Spring is in the air – and we sniff out the trends for the coming year

Spring is in the air – and we sniff out the trends for the coming year

Two years on from the first lockdown in 2020, here at Kernow Furniture we have been considering how people’s relationship with their homes has changed. We have also been asking ourselves whether the trends we saw in home design and furniture during the pandemic will continue in the months ahead - and what that might mean for vintage fans and the industry, including online retailers like ourselves.

Lifting the lid on working from home

 People forced to work from home found themselves needing to re-think their space at home to create optimum working conditions. As dining rooms and kitchens were commandeered as offices, we saw a marked increase in demand for antique escritoires, retro writing desks and vintage bureaux.

 Styles are varied but often feature drawers and pigeonholes above a flat writing surface that pulls down and can be locked to keep mess at bay or paperwork private. Some models may have a concealed compartment to add to its attraction.

 These statement pieces enable home-workers to create practical yet stylish working spaces with a piece of antique furniture which will stand the test of time against any pandemic. And demand has remained strong as more people are working form home more often and for longer periods.

 This Georgian writing desk on bracket feet would provide a beautiful work station with its decorative inlay, central kneehole and recessed cupboard.

Georgian inlaid writing desk


Tall, dark and handsome

Dark or, more commonly, ‘brown furniture’ has seen a huge renaissance and our sales ledger indicates it’s going to remain in fashion for 2022, especially among younger people who can’t seem to get enough of the stuff.

 Granny’s Victorian Whatnot is making a comeback along with other items from this era. Traditionally placed in the corner of a drawing room to display china, ornaments and other ‘what nots’ – hence the name – these pillared shelves are now gracing kitchens and offices in modern homes and even student digs. Pretty enough to show off storage pots and kitchenware, they also make a handy and unusual desk tidy, with plenty of space for pens and stationery items.

 This black lacquered Chinoiserie corner whatnot is a stunning example from the 19th Century and bang on trend with its nod to oriental allure.

Black Chinoiserie Corner Whatnot


We consider that are three keys reasons why brown furniture will retain its appeal for a while to come. Firstly, re-using vintage is an on-trend way to display your green credentials and saves it from ending up in landfill. Secondly, it looks great in a variety of settings. A carefully-chosen antique chest of drawers, for example, placed against a wall can add character and quirkiness to a modern room. Old wood has a richness and depth that adds instant glamour and beauty. Finally, brown furniture is well-built and will stand the test of both time and pocket. Just don’t invite your Granny round to admire it though – she might be asking for it back!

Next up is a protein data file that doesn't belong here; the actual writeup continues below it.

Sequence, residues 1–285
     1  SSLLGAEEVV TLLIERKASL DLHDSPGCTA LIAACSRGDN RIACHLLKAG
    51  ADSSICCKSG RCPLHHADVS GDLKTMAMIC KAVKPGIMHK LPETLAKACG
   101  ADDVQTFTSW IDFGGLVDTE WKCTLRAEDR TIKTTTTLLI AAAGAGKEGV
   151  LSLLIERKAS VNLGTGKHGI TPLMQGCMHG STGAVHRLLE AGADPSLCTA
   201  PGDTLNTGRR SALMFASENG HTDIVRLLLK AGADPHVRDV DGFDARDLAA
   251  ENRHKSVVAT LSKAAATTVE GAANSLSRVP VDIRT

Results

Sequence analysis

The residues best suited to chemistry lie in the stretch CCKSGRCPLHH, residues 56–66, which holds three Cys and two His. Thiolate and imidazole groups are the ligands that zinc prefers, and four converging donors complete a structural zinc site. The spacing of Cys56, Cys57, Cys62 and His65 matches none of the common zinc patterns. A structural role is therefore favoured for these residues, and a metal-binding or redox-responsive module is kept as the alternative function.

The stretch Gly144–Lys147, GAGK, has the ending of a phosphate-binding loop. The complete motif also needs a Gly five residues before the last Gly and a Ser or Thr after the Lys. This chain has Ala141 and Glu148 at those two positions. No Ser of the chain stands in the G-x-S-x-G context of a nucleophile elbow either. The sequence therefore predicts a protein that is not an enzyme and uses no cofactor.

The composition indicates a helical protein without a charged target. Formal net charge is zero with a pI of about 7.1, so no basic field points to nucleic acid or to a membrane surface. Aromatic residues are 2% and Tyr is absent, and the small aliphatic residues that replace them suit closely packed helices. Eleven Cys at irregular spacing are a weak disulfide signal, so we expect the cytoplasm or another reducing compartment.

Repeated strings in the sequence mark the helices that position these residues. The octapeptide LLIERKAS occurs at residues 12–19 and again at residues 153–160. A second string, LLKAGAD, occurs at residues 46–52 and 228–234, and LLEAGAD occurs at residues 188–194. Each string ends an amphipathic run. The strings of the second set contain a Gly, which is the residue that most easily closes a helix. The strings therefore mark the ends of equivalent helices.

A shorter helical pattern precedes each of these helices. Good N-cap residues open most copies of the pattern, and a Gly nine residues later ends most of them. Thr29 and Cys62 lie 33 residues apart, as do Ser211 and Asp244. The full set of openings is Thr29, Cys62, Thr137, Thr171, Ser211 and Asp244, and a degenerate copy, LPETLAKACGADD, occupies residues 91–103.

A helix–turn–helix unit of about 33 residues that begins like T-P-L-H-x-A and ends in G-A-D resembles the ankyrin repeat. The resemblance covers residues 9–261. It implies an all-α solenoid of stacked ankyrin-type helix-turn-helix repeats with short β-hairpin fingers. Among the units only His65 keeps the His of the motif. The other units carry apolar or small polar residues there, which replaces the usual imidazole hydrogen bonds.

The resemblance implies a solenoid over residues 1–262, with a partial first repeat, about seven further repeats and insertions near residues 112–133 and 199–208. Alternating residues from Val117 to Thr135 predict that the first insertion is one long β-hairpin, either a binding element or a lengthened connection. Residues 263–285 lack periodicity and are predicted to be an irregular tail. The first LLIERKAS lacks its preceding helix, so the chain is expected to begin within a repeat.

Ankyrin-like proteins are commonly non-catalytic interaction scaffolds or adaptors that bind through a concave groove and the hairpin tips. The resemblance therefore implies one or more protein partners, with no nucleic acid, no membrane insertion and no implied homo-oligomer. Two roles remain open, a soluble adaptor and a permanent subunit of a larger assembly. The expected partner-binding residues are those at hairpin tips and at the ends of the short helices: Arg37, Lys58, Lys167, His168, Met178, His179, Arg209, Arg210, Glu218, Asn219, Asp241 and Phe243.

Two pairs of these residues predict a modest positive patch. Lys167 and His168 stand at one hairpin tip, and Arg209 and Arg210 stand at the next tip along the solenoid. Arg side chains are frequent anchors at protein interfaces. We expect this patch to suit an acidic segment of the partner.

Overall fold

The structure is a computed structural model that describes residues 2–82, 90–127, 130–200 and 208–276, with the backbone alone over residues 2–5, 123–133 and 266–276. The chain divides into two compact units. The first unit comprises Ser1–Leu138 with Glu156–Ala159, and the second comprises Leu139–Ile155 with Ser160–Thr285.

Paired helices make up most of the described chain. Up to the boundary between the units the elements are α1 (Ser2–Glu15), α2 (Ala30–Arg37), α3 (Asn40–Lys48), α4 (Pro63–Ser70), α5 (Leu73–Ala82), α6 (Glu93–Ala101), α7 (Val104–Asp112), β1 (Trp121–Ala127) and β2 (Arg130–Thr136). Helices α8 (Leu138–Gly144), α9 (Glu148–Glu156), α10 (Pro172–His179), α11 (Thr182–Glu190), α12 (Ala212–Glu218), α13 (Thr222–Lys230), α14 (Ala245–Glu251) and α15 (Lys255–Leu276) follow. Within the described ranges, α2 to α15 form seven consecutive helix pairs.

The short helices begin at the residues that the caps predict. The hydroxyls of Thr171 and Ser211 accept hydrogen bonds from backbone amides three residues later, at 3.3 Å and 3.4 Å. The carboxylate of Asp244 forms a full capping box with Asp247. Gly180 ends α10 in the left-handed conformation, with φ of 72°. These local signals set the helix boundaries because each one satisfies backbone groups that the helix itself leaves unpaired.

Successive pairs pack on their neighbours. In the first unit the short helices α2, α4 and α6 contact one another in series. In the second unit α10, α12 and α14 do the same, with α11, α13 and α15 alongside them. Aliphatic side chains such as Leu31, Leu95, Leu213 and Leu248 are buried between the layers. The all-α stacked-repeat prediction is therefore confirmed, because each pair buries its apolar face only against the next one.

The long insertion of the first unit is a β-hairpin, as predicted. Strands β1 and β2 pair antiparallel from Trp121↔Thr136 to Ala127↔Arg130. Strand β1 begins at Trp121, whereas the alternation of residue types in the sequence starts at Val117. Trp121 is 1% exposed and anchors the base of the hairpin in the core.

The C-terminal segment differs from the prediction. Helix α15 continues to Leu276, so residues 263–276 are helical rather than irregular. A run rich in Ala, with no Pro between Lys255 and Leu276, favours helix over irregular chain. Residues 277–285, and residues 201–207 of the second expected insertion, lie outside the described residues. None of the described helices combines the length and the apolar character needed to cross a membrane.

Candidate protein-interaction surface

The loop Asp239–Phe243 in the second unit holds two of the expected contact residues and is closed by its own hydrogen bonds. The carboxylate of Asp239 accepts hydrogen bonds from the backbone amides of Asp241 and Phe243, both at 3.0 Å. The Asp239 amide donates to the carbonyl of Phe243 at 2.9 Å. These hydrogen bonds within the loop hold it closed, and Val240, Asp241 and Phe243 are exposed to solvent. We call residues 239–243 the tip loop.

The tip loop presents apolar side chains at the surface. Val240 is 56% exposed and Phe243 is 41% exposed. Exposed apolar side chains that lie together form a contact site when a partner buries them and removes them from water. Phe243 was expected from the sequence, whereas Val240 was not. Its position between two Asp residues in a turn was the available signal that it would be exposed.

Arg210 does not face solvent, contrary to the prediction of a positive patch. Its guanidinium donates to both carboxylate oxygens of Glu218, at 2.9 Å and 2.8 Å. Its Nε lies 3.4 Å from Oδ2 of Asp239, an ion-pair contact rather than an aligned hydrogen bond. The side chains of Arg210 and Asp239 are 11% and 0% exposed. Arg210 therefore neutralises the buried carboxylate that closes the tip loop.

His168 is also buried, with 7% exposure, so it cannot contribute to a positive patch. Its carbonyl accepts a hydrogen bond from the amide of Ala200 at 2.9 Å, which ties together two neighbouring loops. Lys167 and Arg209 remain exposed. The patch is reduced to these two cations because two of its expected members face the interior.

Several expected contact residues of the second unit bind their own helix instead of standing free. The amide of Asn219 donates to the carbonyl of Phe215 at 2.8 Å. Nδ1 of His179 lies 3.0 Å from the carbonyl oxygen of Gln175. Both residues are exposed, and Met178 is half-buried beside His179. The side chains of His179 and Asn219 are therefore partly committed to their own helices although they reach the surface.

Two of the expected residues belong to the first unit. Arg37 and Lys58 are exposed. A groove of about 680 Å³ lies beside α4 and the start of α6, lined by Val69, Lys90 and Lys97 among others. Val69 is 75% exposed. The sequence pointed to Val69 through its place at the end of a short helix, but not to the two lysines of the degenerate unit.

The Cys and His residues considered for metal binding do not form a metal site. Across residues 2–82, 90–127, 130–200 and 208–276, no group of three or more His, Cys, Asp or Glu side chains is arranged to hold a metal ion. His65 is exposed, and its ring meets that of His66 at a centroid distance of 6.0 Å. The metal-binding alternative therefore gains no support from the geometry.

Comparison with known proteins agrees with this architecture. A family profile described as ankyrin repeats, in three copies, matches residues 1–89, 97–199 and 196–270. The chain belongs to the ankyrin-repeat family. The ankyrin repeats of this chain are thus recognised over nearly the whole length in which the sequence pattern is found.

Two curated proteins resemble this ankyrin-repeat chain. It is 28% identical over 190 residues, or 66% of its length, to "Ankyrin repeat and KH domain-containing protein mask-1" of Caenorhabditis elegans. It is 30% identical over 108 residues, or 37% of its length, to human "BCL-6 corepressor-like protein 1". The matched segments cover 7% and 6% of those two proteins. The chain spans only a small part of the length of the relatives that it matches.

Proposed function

Coming up roses

Patterned and floral fabrics, especially in upholstered furniture, is another trend we don’t think will be nipped in the bud just yet.

Having chucked the chintz in the nineties, there has been a resurgence in demand for bold, retro designs in the style of Sybil Colefax, John Fowler and Laura Ashley. Driven perhaps by the current popularity of the English Country House look, modern designers are turning back to the colourful elegance established by their predecessors for modern-day inspiration. Upholstered furniture is certainly a perennial favourite with our customers looking to update and recover classic pieces with jazzy materials.

For lying down on the job, this unusual teak chaise longue ticks all the boxes. It comes with a loose seat cushion and scrolled ends.

Teak chaise longue



Turning the tables on tableware

Vintage plates and dishes remain one of the most popular collectables that we sell, from kitsch designs to classic china. Majolica, for example, is a decorative pottery which fell from fashion some years ago but has made a significant comeback. Old pieces are highly prized by collectors.

This majolica corn jug is with pewter lid is a great example and would add a quirky touch to any dining room or kitchen.

Majolica corn pewter jug


Glazed pottery, which is often brightly coloured, is also gaining in popularity and sales soared during lockdown as people used the time to review their home décor. According to GlobalData, a leading data and analytics company, almost 60% of UK consumers used the spare time to refresh their homes, including buying homewares.

Perhaps as an antidote to the prevailing mood, many looked for inspiration from vintage tableware to add a splash of colour and interest to their homes. And as dining at home became a necessity and more informal, buyers also rejected formal functionality for fun, one-off, mis-matched pieces - a trend which started a few years ago.

For anyone looking to start plate collecting, this attractive assortment of vintage china tea plates from the 1930s would be an inexpensive place to start.

Vintage tea plates


In conclusion, it would appear the pandemic has encouraged us to reach back into the past for ideas on what is important to us in our homes, and also what makes us feel both comfortable and happy.

Antique furniture and retro designs that might have been thought dead and buried are coming to life once again with an exciting new take for buyers and sellers alike.

February 22, 2022 — Francesca Peterson

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